Monday Tip-Off: You Can Constructively Criticise NBA Playgrounds

Tip-Off in NBA Playgrounds

We’re at midcourt, and the ball is about to go up…it’s Monday Tip-Off! Start your week here at the NLSC with a feature that’s dedicated to opinions, commentary, and other fun stuff related to NBA Live, NBA 2K, and other basketball video games. This week, I’m tipping things off with a few thoughts on how we can, and absolutely should, constructively criticise NBA Playgrounds.

It’s been around a month since NBA Playgrounds was released for PC, PlayStation 4, Xbox One, and Nintendo Switch. Saber Interactive’s first attempt at an arcade basketball game has been reasonably well-received, even if it’s not quite on par with its legendary predecessors, NBA Jam and NBA Street. Saber has been very diligent in listening to feedback, resulting in some much-needed changes being implemented via the game’s early patches. New players have also been added to the game, additional tournaments are planned, and Switch users will receive a free copy of the new Shaq Fu game for their patience regarding the delay in launching the online features.

Saber’s interaction with the fanbase and their gestures of goodwill are extremely admirable, and refreshing. They’ve created an official Facebook group for NBA Playgrounds gamers to offer feedback, share their experiences, and basically keep the lines of communication open, which is awesome. Unfortunately, some of the discourse in the group is, to be blunt, very toxic. I’ve seen some perfectly reasonable suggestions shouted down, and people with valid criticisms told to zip their lips by their fellow gamers. As such, I feel that something needs to be made very clear here: we can and should constructively criticise NBA Playgrounds.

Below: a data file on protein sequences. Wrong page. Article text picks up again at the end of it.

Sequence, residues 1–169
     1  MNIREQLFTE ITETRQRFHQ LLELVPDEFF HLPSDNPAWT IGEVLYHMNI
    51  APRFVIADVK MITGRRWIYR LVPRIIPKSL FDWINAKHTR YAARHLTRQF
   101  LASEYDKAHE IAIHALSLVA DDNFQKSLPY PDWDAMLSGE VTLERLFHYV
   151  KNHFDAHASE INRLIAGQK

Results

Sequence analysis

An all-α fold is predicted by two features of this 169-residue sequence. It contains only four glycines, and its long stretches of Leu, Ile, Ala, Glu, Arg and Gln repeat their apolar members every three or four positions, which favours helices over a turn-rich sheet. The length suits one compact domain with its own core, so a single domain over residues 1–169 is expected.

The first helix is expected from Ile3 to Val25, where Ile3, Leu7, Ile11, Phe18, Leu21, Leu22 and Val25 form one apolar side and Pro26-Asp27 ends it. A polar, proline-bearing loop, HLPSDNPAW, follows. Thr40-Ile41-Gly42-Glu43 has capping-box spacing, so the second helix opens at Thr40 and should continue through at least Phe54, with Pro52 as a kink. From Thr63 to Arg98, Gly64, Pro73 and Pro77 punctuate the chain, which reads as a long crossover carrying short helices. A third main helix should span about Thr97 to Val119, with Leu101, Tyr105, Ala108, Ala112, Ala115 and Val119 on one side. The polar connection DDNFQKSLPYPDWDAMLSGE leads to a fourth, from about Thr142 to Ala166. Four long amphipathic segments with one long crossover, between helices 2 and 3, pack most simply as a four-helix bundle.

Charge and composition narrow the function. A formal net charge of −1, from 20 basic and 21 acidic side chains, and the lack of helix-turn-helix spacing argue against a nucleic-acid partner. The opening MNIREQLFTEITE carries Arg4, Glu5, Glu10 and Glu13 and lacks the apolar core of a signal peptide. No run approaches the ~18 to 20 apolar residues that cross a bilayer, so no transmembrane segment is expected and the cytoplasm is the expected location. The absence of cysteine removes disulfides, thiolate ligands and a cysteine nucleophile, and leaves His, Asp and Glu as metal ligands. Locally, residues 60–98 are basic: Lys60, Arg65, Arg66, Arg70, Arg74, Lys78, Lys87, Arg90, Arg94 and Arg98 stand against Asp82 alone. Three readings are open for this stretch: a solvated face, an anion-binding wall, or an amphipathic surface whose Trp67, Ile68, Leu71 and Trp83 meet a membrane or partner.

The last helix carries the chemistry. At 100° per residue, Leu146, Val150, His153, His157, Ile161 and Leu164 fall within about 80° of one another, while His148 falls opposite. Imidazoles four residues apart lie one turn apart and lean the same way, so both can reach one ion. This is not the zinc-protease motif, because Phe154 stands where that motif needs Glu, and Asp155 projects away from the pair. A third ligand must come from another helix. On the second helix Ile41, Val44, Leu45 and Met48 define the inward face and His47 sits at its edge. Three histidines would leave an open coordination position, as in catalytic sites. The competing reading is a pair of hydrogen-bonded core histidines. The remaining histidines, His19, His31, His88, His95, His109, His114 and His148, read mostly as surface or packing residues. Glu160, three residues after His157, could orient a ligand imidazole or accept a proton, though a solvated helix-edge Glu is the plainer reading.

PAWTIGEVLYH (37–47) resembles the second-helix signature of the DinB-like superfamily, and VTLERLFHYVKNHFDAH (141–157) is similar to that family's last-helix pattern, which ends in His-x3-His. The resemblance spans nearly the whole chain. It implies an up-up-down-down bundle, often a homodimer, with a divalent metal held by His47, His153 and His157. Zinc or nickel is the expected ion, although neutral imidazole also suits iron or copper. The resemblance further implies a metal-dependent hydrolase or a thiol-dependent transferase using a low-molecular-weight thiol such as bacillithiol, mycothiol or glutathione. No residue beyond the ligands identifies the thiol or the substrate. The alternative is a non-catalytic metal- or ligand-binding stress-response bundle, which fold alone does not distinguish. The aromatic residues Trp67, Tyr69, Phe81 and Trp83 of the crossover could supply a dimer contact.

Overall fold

I must emphasise that Saber Interactive CEO Matthew Karch has been nothing but cordial and professional in the Facebook group, where he actively posts and interacts with the fanbase. He certainly doesn’t seem to be shutting negative feedback down or dismissing suggestions out of hand, and has handled difficult people gracefully. His honest approach has been refreshing, and no matter how satisfied or dissatisfied you currently may be with NBA Playgrounds, the development team deserves a lot of credit for listening to gamer feedback and doing their best to address issues in each update, as well as add new content. Hopefully, the game will continue to improve.

A game of NBA Playgrounds